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Mice/Getting mice! Play area; vacation


even though i haven't got mice yet i plan to get them soon and i have a few questions on how to care for them.
1)i have a bedroom with a lot of gaps behind wardrobes and draws if i wanted to let them out to run around the room could i just block up the gaps or would they nibble it or just squeeze through, if so is there another way of giving them a sense if freedom and exercise like some sort of large pen perhaps?
2)I've heard that mice are quick and can be hard to handle but can they become attached to humans and can they sit still, are they always jumpy or can they become calm?
3)the one major problem i have is that i can't think of any friend or relative who would be willing or in a position to care for them if i went on holiday is there somewhere i can leave them for a short while and know that they would be in safe hands?
thank you for reading my questions and taking the time to listen and answer my questions

Hi Verity,

It's good that you are researching before you get the mice!

1.) The mice cannot free range. There are too many ways for them to get into trouble. Also, it will take you quite a while to get them to come to you if you want to train them to. They are not, quite, small rats : ). They will be quite happy if you give them a table top with boxes and toilet paper rolls (which cannot fall!) and other things to climb in and on, and a wheel. They will also be happy in a nice big cage with lots of things to do; and coming out to hang out with you minimum a half hour per day. They like shoulders and sleeves, which is convenient because you can do other things.

2.) Yes, they do become attached, and can be anywhere on the scale of loving blobs to crazy zoomers. It depends on their breeding, original socialization, and experience with you. It is far best to get them from a private breeder, if you can find one. I might be able to help you if you tell me where you are; but I only know a few.

3.) The mice are ok for up to four days alone IF they have TWO water bottles, a TON of food, their nest is nowhere near the water bottles, the temperature will be constant, there are no other pets in the room-- in other words, they will feed themselves and they don't need you for a few days, but you have to think of and plan for every possible disaster. If someone can help you but doesn't have a lot of time, all they have to do is come every other day and make sure there is food, water, and nothing has gone wrong. If you are gone for a week, it would be best if your mouse-sitter could handle them every once in a while.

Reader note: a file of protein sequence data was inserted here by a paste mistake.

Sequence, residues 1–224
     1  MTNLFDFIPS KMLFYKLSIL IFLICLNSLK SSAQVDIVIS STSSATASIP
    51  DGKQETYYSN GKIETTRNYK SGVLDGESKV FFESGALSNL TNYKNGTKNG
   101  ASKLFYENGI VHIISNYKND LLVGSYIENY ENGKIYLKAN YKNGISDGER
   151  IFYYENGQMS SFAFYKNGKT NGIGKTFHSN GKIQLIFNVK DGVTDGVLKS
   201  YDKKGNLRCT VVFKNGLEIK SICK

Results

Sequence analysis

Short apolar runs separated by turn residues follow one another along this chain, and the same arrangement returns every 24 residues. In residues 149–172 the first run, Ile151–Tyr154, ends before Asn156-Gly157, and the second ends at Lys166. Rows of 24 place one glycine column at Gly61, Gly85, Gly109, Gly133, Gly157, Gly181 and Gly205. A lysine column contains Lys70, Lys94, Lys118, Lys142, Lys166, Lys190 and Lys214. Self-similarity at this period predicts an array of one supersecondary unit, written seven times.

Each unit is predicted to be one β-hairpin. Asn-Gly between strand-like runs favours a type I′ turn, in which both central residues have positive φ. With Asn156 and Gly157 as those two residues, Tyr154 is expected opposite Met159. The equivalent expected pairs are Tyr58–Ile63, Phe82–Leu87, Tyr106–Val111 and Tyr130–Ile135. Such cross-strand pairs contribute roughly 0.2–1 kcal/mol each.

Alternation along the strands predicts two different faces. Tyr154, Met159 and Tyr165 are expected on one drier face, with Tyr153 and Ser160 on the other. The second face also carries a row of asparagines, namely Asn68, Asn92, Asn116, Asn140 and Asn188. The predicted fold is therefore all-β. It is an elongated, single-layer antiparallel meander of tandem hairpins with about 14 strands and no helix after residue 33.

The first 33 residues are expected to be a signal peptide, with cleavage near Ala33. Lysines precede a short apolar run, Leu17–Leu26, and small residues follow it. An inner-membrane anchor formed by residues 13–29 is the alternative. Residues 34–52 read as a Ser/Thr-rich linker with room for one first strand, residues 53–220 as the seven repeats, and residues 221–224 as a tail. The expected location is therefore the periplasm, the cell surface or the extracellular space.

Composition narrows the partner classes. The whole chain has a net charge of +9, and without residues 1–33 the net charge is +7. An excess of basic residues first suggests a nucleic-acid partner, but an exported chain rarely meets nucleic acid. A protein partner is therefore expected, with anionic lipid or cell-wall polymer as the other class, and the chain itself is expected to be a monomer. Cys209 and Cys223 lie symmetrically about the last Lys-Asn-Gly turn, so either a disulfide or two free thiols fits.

Otherwise, vets often provide boarding services-- hopefully the size of the animal is taken into consideration in price-- or you can start now putting ads in Craigslist, for someone who would board them for a while for pay. A young person is best-- college; or high school WITH your contact with the parents. We found a college student, well recommended by our rat breeder, who actually stayed here for a week, which is good because we have one mouse cage, three rat cages, and a bunny. My point is, we found her far earlier than we needed her. I was able to show her everything beforehand, in case my departure was sudden. Make sure you write down what the person has to do.

Enjoy your new mice!




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I can answer questions about raising mice and caring for them as pets, with knowledge from my 38 years of having fancy mice as pets. I have NO MEDICAL TRAINING and you should take a sick mouse to the vet; but if you simply can't, I will try to help you. I LOVE PHOTOS!!! I ALSO LOVE UPDATES! Let me know how the little tyke is doing later on, for better or worse, especially orphans. It also helps me to help the next person. Please first search first: use 'Natasha Mice Mouse' with whatever else your question includes. Or check out these links: **** YOUR FIRST MOUSE (my video; rough draft): **** TEN VIDEOS ON RAISING ORPHANS: **** SEXING MICE: **** And some GREAT MOUSE INFO SITES:


I have had mice for 40 years (since I was 5!). I raised them when I was a child but now I keep all females, and never fewer than three so that if one dies the others are not devastated, because they have each other.

I run Rats and Mice are Awesome on Facebook. The official name is Rats are Awesome.

B.A., M.A., M.A. in Linguistics: Yale University and University of Connecticut

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